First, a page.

The other archetypes are

(III) The typical colonel or general as minister of defence keeps or sets the ship on a steady course towards pursuit of bureaucratic self-interest. It's a cold comfort that such a minister of defence may be rather good at setting and steadying the course.

(IV) The typical career politician as minister of defence controls the ship with a priority on protecting (or furthering) his career, installs other career politicians and especially some long-time loyalists in high ranking positions. Such a minister of defence may also pursue some ideological goal, be this regime change on another continent, eliminating the risk of a coup d'état, reaching a quota of 50% women and gays in the officer corps or whatever.


I understand this was a highly abstract, kind of academic style blog post that may not be to many readers' tastes. The point is that to not look at the topic from this angle does lead to a wrong conclusion. A superb general may be a terrible minister of defence just as a superb colonel may be a terrible general. The requirements for the jobs are very different. In fact, minister of defence (commander n chief in peacetime in Germany) is no extension of the military hierarchy. It needs to be first and foremost an outside office that pursues a different course than the senior officers would on their own. That's the point of having a military under civilian control.

S O
defence_and_freedom@gmx.de

P.S.: Yes, I know I wrote about this before, sometimes I write on the same topic a new with a different angle, different example and so on if I think the earlier attempt wasn't fully satisfactory.

*: For Americans; this is "liberal" in the original and European meaning.
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2017/04/30

Non-nuclear escalation risks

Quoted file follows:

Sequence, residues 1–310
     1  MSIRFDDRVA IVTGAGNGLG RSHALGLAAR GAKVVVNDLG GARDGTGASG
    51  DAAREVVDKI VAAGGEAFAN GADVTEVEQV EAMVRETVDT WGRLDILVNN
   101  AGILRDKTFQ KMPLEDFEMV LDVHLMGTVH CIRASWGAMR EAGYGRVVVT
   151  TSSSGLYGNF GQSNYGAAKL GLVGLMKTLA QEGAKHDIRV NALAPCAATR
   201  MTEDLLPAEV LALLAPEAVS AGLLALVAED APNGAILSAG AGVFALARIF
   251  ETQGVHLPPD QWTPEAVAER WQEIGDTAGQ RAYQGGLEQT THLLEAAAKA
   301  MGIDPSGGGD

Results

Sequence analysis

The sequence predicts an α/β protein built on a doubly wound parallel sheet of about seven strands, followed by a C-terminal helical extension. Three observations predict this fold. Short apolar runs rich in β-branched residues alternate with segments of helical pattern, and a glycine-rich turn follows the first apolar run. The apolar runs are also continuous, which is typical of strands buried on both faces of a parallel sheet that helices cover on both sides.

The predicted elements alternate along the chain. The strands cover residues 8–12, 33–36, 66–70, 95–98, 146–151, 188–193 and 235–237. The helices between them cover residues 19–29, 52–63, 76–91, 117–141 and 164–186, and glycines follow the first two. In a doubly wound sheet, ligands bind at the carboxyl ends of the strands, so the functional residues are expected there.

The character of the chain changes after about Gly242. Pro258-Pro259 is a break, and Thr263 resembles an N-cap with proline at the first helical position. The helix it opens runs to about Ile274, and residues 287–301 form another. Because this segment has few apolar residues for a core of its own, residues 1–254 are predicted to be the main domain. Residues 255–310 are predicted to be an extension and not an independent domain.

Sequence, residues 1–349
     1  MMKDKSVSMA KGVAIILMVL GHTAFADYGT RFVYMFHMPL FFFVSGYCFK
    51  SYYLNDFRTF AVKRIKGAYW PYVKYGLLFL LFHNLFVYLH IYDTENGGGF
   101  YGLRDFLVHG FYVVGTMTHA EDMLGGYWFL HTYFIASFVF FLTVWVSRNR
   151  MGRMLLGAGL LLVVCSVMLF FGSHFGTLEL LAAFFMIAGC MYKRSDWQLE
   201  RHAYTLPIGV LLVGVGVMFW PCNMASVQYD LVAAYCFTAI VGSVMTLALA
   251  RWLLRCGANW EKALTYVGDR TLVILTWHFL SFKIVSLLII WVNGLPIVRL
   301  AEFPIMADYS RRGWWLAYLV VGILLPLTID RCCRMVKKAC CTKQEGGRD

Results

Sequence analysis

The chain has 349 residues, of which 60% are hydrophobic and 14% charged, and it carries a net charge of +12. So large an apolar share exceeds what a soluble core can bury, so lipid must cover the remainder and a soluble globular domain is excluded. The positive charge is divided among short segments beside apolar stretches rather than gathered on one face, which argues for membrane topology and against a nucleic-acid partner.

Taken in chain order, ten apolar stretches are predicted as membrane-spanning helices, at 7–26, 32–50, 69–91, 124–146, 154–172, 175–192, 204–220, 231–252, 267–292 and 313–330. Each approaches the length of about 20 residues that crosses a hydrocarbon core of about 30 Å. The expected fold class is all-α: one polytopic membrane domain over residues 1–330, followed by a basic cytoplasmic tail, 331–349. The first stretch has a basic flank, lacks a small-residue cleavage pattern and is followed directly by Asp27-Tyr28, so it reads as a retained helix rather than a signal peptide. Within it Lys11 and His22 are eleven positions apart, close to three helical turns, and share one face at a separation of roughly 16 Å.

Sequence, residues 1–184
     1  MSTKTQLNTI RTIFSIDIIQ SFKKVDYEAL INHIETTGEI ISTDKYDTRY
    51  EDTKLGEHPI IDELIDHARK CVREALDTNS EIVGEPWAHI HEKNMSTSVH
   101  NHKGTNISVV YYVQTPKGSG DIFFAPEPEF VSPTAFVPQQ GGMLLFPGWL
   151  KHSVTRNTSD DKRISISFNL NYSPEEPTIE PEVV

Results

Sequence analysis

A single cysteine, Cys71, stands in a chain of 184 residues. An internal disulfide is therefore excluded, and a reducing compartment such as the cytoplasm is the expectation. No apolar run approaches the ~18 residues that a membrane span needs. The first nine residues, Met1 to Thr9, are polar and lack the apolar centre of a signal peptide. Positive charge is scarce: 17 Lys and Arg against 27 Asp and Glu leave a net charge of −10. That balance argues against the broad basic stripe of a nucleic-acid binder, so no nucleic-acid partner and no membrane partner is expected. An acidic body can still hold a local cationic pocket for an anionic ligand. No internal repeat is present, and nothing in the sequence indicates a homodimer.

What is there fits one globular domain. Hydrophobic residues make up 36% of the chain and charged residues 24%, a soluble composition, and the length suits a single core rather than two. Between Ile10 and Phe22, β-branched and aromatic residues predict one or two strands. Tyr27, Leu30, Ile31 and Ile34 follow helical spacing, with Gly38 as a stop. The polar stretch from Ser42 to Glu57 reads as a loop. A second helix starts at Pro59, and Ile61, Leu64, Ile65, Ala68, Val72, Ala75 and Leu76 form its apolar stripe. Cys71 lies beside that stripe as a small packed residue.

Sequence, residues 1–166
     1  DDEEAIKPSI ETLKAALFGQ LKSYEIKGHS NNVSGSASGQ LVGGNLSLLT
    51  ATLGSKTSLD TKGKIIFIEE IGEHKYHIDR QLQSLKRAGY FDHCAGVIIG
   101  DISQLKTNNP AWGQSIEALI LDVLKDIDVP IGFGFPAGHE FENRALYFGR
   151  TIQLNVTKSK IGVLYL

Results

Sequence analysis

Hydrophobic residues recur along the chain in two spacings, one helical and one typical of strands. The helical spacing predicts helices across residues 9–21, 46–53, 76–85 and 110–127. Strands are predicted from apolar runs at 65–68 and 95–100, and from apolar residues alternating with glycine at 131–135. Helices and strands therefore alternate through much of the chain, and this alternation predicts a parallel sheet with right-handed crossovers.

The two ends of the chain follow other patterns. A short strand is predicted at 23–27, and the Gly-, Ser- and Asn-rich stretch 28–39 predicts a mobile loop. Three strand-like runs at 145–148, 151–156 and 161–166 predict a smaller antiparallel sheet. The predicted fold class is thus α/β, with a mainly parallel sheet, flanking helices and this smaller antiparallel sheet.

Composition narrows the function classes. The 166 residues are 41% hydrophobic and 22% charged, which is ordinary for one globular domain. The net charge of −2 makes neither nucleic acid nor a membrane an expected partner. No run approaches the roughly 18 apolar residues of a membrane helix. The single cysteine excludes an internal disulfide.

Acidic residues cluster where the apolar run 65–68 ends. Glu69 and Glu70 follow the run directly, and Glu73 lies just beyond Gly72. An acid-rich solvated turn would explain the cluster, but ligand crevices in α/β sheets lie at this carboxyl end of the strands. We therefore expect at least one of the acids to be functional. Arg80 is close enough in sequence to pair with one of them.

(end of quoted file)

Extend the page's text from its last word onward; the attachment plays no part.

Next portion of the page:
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I am biased towards reading German sources and secondarily English sources when it comes to history, military affairs, politics et cetera - simply because I am German. I can read French, Spanish, Dutch and Swedish a little, but it's tiresome and I don't understand most details in such texts. 

This means I am somewhat above global average under impression of the phenomenon that pre-war allies or early wartime allies switch sides. Sometimes I do some side blows on Italy for this reason. No German should consider Italy as allied if history was a reliable predictor of the future.

Well, this topic is finally a bit in fashion these days, because (suspected) Russian subversion efforts are perceived as more successful than (perceived, and in part real) Soviet subversion efforts of the Cold War era. The idea that certain countries would not want to honour their article 5 North Atlantic Treaty obligations* has entered the realm of debatable topics.

The practical consequences of this are very messy. Plans would need to be drawn up for collective defence that treat all unreliable allies' armed forces as uncertain luxury.

It gets even worse if one country was under suspicion of switching sides in the event of war, kind of what Italy did in 1914/15. This is a most unreliable case, but also a terrible one. Potentially hostile mobilised armed forces worth 150,000 personnel could not be tolerated in NATO's rear. To properly keep them in check would require more than 150,000 personnel for the entire duration of the conflict - an unacceptable diversion of military strength for a weakened alliance. A coup de main (quick invasion and disarmament, from multiple directions) with or without a later occupation by non-frontline forces would be thinkable**. This would require maybe twice as many forces, but only so for few weeks. It could be a prelude to a counteroffensive to liberate territory occupied by Russia.

To eliminate the armed forces of an ally that's perceived as a threat is a ridiculous idea in our time, and would be highly illegal. Still, I have little doubt it would be considered as a scenario once the clouds darkened enough to make the now still ridiculous idea of a NATO-Russia war reality.

It gets even more messy if one thinks of the potential for subversion inside Russia. Russia is still a multi-ethnic country and could face sponsored insurgencies in many places once its armed forces are busy elsewhere. This could hugely add to the misery caused by a NATO-Russia war.

Another diversion effort against Russia could happen at secondary fronts. The Caucasus region as a whole could descend into war with Georgia taking Abchasia and South Ossetia and Armenia fighting against Azerbaijan again.


I like to think that a conflict between great powers would either be fought through proxies with little direct involvement of the great powers' forces or as a short & quick limited war designed to prevent escalation beyond a region.

Sadly, there's much potential for escalation. An unlikely nuclear escalation isn't the only terrible scenario.

S O